Recalling a bygone era of stately passenger liners and quaint colonial traditions, the RMS Saint Helena is making its last journeys before weekly flights to the far-flung South Atlantic island are introduced.
A day on board the five-day cruise to rugged Saint Helena, one of the world’s most remote inhabited islands, is marked by aristocratic pastimes alien to modern travelers accustomed to no-frills long-haul journeys.
It is a taste of luxury that will not be around for much longer, on board a nearly 7 tonne ship built in 1989 to carry passengers and goods across the ocean.
A final chance to experience a slower way of life has spiked interest in the RMS Saint Helena, said John Hamilton, the cheerful purser who organizes activities on board, from card games to on-deck cricket matches.
“The ship is coming to the end, so more people want to travel before she stops working,” Hamilton said.
The shipping company has added a dozen cabins to meet demand before the ship cuts back on its trips when four-and-a-half-hour flights from Johannesburg begin in February next year.
The RMS Saint Helena — the only passenger ship serving the British island — makes the journey from the South African city of Cape Town every three weeks.
The boat travels 3,100km in five days at 15 knots, before heading to Ascension, another British island.
The ship’s Web site describes the vessel as a lifeline for island residents, carrying everything from “wind turbines to automotive parts; sheep, goats and Christmas turkeys to furniture, food and paint.”
Passengers sip tea or coffee served by staff in their cabins before breakfast. They play traditional games such as deck quoits and shuffle board, and then share a heartwarming beef tea — or Bovril — at 11am.
After lunch, entertainment includes documentary film screenings and a quiz game similar to Trivial Pursuit.
Passengers spend time reading or swimming in the small pool on deck, knitting or working on puzzles, as their ship cuts through the sparkling blue waters.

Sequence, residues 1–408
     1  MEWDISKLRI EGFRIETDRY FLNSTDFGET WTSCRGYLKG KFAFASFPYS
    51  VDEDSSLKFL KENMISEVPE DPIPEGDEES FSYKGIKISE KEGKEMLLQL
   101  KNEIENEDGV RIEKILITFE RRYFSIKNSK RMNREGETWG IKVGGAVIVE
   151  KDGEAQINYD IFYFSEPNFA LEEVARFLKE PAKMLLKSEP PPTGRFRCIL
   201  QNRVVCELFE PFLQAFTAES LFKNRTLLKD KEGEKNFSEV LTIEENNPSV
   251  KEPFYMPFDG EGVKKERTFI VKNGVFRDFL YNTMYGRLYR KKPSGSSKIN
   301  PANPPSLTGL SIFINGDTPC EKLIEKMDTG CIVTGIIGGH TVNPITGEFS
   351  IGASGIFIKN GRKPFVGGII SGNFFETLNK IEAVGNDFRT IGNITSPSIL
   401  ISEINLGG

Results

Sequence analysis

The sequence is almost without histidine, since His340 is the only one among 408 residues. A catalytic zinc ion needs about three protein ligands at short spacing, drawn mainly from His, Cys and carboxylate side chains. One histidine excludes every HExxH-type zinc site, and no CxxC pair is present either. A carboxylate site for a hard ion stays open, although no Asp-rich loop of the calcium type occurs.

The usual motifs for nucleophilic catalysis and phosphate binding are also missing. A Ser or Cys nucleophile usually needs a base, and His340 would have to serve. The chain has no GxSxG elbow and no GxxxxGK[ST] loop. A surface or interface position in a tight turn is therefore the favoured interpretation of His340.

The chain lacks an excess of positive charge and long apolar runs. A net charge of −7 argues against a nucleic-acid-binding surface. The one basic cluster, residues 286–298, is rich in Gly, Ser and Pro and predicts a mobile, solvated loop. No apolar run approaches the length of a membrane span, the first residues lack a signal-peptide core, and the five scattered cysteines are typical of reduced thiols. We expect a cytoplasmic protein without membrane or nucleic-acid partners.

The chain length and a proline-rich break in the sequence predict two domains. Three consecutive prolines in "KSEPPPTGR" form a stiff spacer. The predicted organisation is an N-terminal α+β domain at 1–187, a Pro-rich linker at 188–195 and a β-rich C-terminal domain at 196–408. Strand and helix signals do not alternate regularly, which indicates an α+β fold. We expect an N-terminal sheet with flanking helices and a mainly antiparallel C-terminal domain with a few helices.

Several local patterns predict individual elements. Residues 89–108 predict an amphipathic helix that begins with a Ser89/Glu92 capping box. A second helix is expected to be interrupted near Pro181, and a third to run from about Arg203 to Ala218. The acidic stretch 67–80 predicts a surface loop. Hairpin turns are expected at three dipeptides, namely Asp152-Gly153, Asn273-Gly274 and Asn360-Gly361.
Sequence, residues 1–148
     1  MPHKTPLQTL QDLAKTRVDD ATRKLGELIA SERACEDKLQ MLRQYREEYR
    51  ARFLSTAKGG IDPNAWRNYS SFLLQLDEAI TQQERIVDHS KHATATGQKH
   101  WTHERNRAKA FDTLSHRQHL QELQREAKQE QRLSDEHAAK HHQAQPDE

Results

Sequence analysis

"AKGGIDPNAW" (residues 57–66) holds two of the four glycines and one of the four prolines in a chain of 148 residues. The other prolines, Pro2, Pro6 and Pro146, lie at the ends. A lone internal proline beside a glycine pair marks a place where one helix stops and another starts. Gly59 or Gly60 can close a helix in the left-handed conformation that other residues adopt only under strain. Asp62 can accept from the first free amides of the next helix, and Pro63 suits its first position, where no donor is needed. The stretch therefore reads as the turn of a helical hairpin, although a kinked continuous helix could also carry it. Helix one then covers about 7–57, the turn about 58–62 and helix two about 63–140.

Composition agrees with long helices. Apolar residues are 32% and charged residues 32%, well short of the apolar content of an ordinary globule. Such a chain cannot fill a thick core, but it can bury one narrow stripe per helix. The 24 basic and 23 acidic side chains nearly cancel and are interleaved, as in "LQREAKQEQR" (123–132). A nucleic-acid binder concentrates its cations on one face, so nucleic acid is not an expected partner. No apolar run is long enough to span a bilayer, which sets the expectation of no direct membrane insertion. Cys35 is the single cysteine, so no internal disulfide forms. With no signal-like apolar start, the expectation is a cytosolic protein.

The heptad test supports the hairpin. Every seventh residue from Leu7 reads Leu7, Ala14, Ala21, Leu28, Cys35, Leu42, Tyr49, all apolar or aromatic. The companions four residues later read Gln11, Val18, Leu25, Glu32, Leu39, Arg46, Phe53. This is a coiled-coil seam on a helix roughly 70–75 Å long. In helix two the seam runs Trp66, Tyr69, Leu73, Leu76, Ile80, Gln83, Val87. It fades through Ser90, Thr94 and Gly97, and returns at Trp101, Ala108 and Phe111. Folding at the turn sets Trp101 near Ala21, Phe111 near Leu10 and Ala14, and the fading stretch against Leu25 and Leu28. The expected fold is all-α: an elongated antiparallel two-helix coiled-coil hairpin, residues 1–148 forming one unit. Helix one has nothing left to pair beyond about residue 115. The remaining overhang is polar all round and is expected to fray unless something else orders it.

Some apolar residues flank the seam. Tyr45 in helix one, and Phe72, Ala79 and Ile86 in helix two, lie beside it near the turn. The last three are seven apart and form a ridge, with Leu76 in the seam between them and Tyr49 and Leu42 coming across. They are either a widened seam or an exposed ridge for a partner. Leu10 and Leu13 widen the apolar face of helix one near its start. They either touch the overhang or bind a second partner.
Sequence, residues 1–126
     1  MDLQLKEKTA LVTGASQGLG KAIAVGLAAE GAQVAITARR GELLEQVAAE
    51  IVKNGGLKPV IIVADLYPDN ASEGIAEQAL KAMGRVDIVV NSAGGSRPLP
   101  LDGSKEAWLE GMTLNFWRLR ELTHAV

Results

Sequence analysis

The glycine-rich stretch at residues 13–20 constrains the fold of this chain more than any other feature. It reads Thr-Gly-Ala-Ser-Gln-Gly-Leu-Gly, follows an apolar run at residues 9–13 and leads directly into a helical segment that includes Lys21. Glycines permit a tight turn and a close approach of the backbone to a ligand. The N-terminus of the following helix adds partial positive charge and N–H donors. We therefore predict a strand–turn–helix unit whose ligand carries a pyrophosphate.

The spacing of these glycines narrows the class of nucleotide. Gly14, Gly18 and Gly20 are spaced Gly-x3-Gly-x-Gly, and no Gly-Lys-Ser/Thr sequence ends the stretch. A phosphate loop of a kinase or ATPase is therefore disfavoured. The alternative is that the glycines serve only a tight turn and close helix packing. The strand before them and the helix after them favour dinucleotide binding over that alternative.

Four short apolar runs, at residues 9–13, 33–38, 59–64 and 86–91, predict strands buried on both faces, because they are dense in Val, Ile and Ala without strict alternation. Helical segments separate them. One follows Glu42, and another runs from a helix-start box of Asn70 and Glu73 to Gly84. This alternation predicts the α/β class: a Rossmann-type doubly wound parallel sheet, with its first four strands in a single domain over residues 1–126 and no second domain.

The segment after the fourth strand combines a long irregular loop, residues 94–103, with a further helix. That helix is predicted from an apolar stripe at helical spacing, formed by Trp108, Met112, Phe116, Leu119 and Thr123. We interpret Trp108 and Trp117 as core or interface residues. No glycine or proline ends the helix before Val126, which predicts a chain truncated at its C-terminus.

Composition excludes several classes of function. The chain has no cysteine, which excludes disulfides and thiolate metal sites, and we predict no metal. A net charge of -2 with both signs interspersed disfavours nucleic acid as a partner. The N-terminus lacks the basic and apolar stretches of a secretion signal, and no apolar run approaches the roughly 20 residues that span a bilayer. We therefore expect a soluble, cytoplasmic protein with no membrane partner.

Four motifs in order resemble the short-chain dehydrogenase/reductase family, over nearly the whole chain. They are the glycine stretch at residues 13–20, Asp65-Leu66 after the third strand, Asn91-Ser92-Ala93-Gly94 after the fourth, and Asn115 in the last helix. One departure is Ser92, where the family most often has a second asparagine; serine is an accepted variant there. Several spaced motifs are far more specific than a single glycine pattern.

The activities are not mandatory, yet they do allow for fast-forming friendships.
It is good to form bonds on board, as passengers will inevitably cross paths with each other in Jamestown, the tiny capital of Saint Helena with a population of about 850.
“What is amazing is that you meet people onboard and make friends. You become like family — almost,” said Manuela Patterson, a tourist from Cape Town. “It’s going to be different in that aspect once the airport is here.”
Built in Aberdeen, Scotland, the ship can accommodate 150 passengers. It is one of the world’s two surviving Royal Mail Ships — abbreviated to RMS.
As one might expect on such a ship, there are some eclectic travelers on board.
The cast of characters runs from the Saints — the local name for Saint Helena citizens — to South African tourists, Thai workers heading to build the new airport and a retired British vice admiral recounting his grisly stories from the Falklands War.
“I will miss the journey to the island,” said Sandra Isaac, an island native who has lived in England for the past 25 years.
Still, Isaac said she is looking forward to the flights, as she will not have to request extra leave from her employer to cover the 10-day journey when she goes on holiday.
Prices for a one-way ticket range from ￡430 (US$640) to ￡2,070 — and much more if you do not want to share your cabin.
The schedule for the RMS Saint Helena will run until April next year, two months after the airport opens.
There is talk of a final cruise, perhaps northwards to England, before the ship is most probably sent for scrap.
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